The holidays remind us this is the season of giving. All members of SUNY make a concerted effort to volunteer and contribute to their respective campuses and local communities. The 30 Days of Giving campaign highlights students and faculty across all of our 64 campuses who participate in volunteerism and give back to those in need. With over 467,000 students and three million alumni, we want to celebrate the impact the SUNY community has made in all of their unique community service projects. As we learned last year, the byproduct of taking volunteerism to scale is not only building character in our students themselves as they join our over three million alumni, but also to set an example of impact as the nation’s largest university system.
Record Turnout for Freshman Service Day
If they were tired from hours of lugging boxes, moving furniture and hanging posters, the 200 freshmen who signed up to spend the day after move-in doing volunteer work didn’t show it.
In a classroom at Riverside Elementary School, “Brown Eyed Girl” played on Pandora while a group of four freshmen sat around a hexagonal table in kid-sized blue chairs. Their task: cutting and laminating numbers and names of months for a birthday bulletin board in Jacqueline Scanlon’s third-grade classroom. “I love this type of stuff,” said Megan Farrell, an elementary education major from Ballston Spa. “When I heard that there was a service day, I really wanted to do it—mostly to meet people, but also because I really volunteering.”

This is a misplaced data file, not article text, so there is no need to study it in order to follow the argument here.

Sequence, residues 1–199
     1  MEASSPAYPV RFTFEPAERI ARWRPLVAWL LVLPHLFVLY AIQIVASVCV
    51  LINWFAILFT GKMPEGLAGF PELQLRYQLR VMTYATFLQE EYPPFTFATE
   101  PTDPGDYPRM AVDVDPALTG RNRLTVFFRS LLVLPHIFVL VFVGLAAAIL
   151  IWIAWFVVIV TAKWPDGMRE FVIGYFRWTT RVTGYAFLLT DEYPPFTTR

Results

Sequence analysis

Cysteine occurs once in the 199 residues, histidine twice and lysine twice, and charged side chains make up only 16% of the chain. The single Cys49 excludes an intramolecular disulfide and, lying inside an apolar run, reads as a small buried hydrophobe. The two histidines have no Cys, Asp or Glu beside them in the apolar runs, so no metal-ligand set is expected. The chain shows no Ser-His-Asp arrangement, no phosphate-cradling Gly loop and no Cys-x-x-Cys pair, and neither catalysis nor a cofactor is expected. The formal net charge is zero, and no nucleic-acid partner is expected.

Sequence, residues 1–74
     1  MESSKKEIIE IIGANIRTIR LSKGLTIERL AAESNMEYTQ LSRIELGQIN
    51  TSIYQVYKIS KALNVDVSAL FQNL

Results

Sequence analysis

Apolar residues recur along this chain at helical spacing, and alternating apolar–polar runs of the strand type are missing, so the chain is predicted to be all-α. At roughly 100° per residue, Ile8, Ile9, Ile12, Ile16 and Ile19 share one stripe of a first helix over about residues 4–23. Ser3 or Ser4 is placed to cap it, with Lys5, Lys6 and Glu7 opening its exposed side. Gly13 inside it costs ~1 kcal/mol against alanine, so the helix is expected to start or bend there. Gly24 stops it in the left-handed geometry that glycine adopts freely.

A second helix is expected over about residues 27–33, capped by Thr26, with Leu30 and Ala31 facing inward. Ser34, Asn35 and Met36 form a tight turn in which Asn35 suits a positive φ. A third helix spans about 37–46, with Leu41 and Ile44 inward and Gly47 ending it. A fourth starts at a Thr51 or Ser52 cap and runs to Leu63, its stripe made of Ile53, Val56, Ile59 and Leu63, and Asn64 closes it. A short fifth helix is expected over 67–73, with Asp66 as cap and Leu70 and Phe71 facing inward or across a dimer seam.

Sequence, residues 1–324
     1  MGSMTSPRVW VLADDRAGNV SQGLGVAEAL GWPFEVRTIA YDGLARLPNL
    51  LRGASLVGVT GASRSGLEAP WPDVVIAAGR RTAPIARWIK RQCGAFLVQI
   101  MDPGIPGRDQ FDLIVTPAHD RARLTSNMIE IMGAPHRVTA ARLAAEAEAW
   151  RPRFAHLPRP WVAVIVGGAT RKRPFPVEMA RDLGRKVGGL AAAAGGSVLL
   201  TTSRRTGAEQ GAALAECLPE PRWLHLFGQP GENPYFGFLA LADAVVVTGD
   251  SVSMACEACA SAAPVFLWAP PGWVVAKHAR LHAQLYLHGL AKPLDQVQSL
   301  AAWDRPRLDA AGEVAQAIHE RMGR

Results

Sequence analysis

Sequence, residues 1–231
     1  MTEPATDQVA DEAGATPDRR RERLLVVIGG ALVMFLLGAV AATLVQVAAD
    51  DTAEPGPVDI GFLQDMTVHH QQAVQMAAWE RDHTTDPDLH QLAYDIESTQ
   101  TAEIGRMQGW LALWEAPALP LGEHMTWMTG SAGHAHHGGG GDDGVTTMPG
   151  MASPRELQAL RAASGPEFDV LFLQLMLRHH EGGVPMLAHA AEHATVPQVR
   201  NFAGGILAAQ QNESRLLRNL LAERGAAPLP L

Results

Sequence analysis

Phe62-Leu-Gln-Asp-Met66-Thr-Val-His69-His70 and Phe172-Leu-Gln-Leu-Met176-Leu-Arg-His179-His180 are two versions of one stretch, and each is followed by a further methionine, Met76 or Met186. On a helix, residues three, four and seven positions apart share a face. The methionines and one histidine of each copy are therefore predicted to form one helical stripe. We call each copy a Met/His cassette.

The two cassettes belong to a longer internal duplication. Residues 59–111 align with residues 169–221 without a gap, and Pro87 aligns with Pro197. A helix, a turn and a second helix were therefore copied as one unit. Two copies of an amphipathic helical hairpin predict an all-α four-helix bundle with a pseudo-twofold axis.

“They’re excellent workers,” interjected Scanlon from across the room. “When you’re just one person, some of these projects take hours. Having the students here makes such a huge difference.”
Riverside was one of 19 volunteer sites for the Center for Social Responsibility and Community’s sixth annual Freshman Service Day, which had record participation this year. In addition to 202 freshman volunteers, 30 upperclassmen and two faculty members — Associate Professor of Sociology Ho Hon Leung and Assistant Professor of Foreign Languages & Literatures Maria Montoya — served as team leaders. Volunteers gathered at the Goodrich Theater before heading off, via Oneonta Public Transit bus service, to their work assignments, which ranged from pulling invasive water chestnuts out of a swamp with the Otsego County Conservation Society to cleaning toys at the Oneonta Family YMCA preschool.
At the Hampshire House Adult Home, Katie Boghosian kept up a lively conversation with several residents over lunch. “I was interested in getting involved and meeting new people on the first day, and this sounded like fun. Now I’m really glad I did it,” said Boghosian, a dietetics major from Saratoga.
Besides helping new students meet friends, Freshman Service Day gives students a chance to get to know their new community, and it often sets the stage for ongoing volunteer work. Collectively, SUNY Oneonta students volunteer more than 50,000 hours every year through the Center for Social Responsibility and Community in collaboration with nearly 100 different nonprofit agencies in Otsego County.
Shaniese Alston was a student assistant in the Office of New Media of the State University of New York for the fall 2013 academic semester while a student at the University at Albany.